View Full Version : Group seeking ownership of NBA franchise

02-10-2006, 09:14 AM
Local group seeking own NBA franchise

By Berry Tramel
The Oklahoman

Businessman Clayton I. Bennett has formed an ownership group seeking a permanent NBA franchise for Oklahoma City: either the Hornets, whose success has become a national sensation, or a relocated franchise.
"The bottom line is, we want a team for this market," said Bennett, president of Dorchester Capital in Oklahoma City.

Bennett said his group would be interested in partnering with Hornets owner George Shinn, should the Hornets remain in Oklahoma City. Shinn has started seeking both local and national investors for the Hornets in an attempt to reduce a large debt incurred a year ago when he bought out partner Ray Wooldridge.

Shinn was in New York on Thursday and unavailable for comment."We would hope we could establish a local, community ownership group to own the team with George," Bennett said.

But Bennett said his group plans to be proactive in securing a franchise for the Ford Center should the Hornets return to New Orleans.

Business leaders in broad coalition
Bennett's group includes Aubrey McClendon and Tom Ward of Chesapeake Energy Corp., and G. Jeffrey Records, Jr. of MidFirst Bank. Those three and Bennett are the members of Oklahoma Professional Sports, LLC, the organization that partnered with the city and state in providing a revenue guarantee for the Hornets this season.

Bennett said he has at least four other civic and business leaders who are interested in joining what would be a broad-based group. Bennett said he also envisions a larger collection of investors, in the spirit of building a community ownership platform.

The Hornets have been a monster hit in Oklahoma City, averaging 18,622 fans per game at the Ford Center, eighth-best in the league, and Oklahoma City's home-game atmosphere has been a rage in the oft-staid NBA. The Hornets are playing 36 games at the Ford Center this season and have announced they will play 35 in Oklahoma City next season, with six games in New Orleans.

Shinn and NBA Commissioner David Stern both have said they hope to return to New Orleans in 2007-08, but have stopped short of guarantees.

"We are absolutely committed to the Hornets this year and next," Bennett said. "But we also are 100 percent committed to finding a team for this city in the long-term."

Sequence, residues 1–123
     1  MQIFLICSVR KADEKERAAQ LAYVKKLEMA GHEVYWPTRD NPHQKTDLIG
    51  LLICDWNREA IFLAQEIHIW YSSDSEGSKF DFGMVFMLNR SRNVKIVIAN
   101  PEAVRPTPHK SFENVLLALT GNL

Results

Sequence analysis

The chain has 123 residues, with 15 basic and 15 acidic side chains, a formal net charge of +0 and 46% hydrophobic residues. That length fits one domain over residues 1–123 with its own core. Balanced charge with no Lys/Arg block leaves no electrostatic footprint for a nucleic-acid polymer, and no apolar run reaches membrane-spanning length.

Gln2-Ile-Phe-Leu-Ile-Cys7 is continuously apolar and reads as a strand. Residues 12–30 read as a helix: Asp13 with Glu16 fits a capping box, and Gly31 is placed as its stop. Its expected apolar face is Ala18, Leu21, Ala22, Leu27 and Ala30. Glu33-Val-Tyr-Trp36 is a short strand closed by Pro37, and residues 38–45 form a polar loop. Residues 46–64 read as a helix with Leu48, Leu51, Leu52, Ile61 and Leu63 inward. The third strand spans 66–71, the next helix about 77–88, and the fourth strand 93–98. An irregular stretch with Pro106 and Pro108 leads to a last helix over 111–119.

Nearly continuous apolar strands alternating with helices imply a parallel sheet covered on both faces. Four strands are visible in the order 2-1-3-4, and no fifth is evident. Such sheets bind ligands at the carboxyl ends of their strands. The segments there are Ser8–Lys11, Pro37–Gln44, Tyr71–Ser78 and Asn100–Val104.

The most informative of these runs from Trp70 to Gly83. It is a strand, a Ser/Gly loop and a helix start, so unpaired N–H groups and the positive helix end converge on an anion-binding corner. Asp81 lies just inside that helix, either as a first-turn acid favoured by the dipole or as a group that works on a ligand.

In recent days, Seattle SuperSonics owner Howard Schultz has gone public with his displeasure of that franchise's lease with Key Arena. Schultz said that unless the Sonics get a building upgrade -- extensive renovations or a new arena -- he will sell the Sonics, Seattle's original major-league franchise.

State help is the Sonics' primary hope, and the Washington state Legislature dismisses for the year on March 9, so the Sonics have a month to lobby. Washington legislators have been less than promising with their recent comments. Renovation costs to Key Arena have been estimated at $200 million.

Both Bennett and Oklahoma City Mayor Mick Cornett said they have not spoken with anyone from the Sonics.

The Sonics are reported to be worth about $300 million.

Oklahoma City; Kansas City, Mo.; Anaheim, Calif.; and Las Vegas have been mentioned as possible candidates for NBA relocation.

In November, one game into the Hornets' home season, Stern visited the Ford Center and said, "I can say without reservation that Oklahoma City is now at the top of the list" for expansion or relocation.

Bennett formerly was on the San Antonio Spurs Board of Directors and Stern has called him a "great friend of the NBA."

"We want to make sure we stay first on that list," Bennett said. "For us to be on the radar screen and in the hunt is where I think we ought to be. We need to be proactive."

Bennett said the ideal for Oklahoma City is an ownership group based on the Spurs model. The Spurs are owned by a group of civic leaders and corporations that turn all profits back into the franchise and ensure its stability in San Antonio.